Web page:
Spark of Life: E.C. Ambrose on ELISHA DAEMON

Some of the best moments I’ve had while writing have come when a character who was supposed to be a minor spear carrier insists on developing depth and color and an interesting relationship with the protagonist. You can engineer that kind of thing deliberately, of course, but the best ones (in my experience) are the characters who do it organically, without me planning for it, because my subconscious sees an opportunity there. And apparently E.C. Ambrose’s subconscious saw something in Martin Draper . . .


E.C. Ambrose says:

cover art for ELISHA DAEMON by E.C. AmbroseOne of the most fun aspects of writing a book is when the characters take on a life of their own. It’s always surprising, and always delightful—though it often requires some re-jiggering later on to incorporate the character’s unexpected actions. When I was writing Elisha Barber, the first volume in the Dark Apostle series which ends with my new release, Elisha Daemon, meeting Elisha’s best friend was one of those moments.

Elisha, the protagonist of the series, is a barber-surgeon in 14th century London: cutting hair, pulling teeth, performing blood-letting, and other minor operations. In the first scene of the book, Elisha is shaving a man’s beard when Elisha’s brother barges in to call Elisha to a childbirth. The client, a wealthy cloth merchant, protests this departure, calling the brother’s pregnant wife a whore. Infuriated, Elisha insults his client, realizing he’ll have to apologize later. Their exchange made it clear that they knew each other well: in fact, that Elisha knew his client was gay. Apparently, this guy had hit on Elisha in the past, but they retained their working relationship in spite of Elisha’s rejection. Elisha had not denounced or blackmailed his client, which told me a lot about Elisha and his attitudes. Interesting.

Then, in chapter four, things got very interesting. Elisha’s sister-in-law has lost the baby, Elisha’s brother has lost his life. Elisha kneels in their bloody house, trying, literally, to pick up the pieces when Martin shows up, and Elisha immediately calls him by name—crossing several levels of the social hierarchy. It’s one thing for a lowly barber to maintain a polite relationship with a wealthy patron whom he knows to be gay, and another thing entirely for the man to show up at his house—to even know where he lives. In spite of his terrible day, Elisha apologizes to Martin. Martin’s warm, sympathetic reaction placed their relationship in a whole new light.

Martin gives him a gift, a scrap of cloth, that proves to be useful in more ways than one later on. I was writing this book by the seat of my pants—no outline, just a few notecards—so I often had to do a mental inventory to see what tools or clues I had left for myself to get through a given scene. Martin’s gift was one of these, a small, apparently worthless item that adds meaning throughout not only this book, but also the succeeding volumes. An unexpected character can be like that: a gift you don’t know you’ve been given until they make their power known.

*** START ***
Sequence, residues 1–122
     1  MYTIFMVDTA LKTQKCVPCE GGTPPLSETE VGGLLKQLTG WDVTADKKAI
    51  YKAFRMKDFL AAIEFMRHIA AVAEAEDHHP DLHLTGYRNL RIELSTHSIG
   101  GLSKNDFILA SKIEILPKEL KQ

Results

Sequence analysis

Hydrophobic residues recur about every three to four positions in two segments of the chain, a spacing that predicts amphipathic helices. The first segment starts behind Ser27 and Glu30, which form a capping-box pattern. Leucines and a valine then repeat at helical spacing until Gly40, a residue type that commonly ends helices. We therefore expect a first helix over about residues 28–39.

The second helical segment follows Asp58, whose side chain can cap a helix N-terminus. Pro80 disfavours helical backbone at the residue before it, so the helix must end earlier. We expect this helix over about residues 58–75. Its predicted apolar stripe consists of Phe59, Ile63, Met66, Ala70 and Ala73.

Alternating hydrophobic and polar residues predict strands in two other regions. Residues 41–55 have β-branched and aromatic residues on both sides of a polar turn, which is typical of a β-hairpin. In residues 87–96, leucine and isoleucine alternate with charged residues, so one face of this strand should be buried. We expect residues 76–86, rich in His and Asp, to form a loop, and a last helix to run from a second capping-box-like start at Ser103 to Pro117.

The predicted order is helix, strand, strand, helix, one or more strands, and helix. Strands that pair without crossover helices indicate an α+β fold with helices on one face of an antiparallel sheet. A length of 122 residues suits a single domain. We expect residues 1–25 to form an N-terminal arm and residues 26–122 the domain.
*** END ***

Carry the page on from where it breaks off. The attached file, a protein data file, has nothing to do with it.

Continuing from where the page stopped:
From the cover copy:

In this fifth and final installment of The Dark Apostle, barber-surgeon-turned-sorcerer Elisha must save plague-stricken England from its path of destruction–or risk succumbing to the very dark magic he is trying to eradicate.

Elisha was once a lowly barber-surgeon from the poorest streets of 14th-century London; now, he may be the most powerful magus alive. He faces the necromancers, a shadowy cult of magi who draw their power from fear and murder–and who have just unleashed the greatest plague the world has ever known upon a continent already destabilized by wars, assassinations, and religious conflict.

Empires and armies are helpless with no clear enemy to fight. The Church loses its hold upon the faithful as prayers go unanswered. Europe has become a bottomless well of terror and death, from which the necromancers drink deep as the citizens sink into despair. Elisha knows that if there is to be any chance of survival, he must root out the truth of the pestilence at its unexpected source: the great medical school at Salerno. There, Elisha might uncover the knowledge to heal his world.

But as he does, his former mentor, the beautiful witch Brigit, lays her own plans. For there may be one thing upon the face of the planet deadlier than the plague: the unfiltered power of Death within Elisha himself.